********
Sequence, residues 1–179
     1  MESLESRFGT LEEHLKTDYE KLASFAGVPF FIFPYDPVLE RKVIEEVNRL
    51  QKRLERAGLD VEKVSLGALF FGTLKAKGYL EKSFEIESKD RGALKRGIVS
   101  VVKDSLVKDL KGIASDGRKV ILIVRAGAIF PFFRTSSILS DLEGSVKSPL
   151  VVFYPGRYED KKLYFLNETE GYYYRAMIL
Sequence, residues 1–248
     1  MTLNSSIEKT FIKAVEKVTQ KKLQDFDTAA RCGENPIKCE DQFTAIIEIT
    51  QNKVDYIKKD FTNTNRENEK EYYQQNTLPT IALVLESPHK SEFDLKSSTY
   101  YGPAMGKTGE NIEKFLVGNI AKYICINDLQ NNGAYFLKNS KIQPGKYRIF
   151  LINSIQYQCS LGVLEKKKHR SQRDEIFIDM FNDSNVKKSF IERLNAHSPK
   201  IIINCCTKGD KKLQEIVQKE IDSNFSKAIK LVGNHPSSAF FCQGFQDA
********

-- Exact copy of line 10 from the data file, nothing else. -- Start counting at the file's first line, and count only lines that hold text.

   151  LINSIQYQCS LGVLEKKKHR SQRDEIFIDM FNDSNVKKSF IERLNAHSPK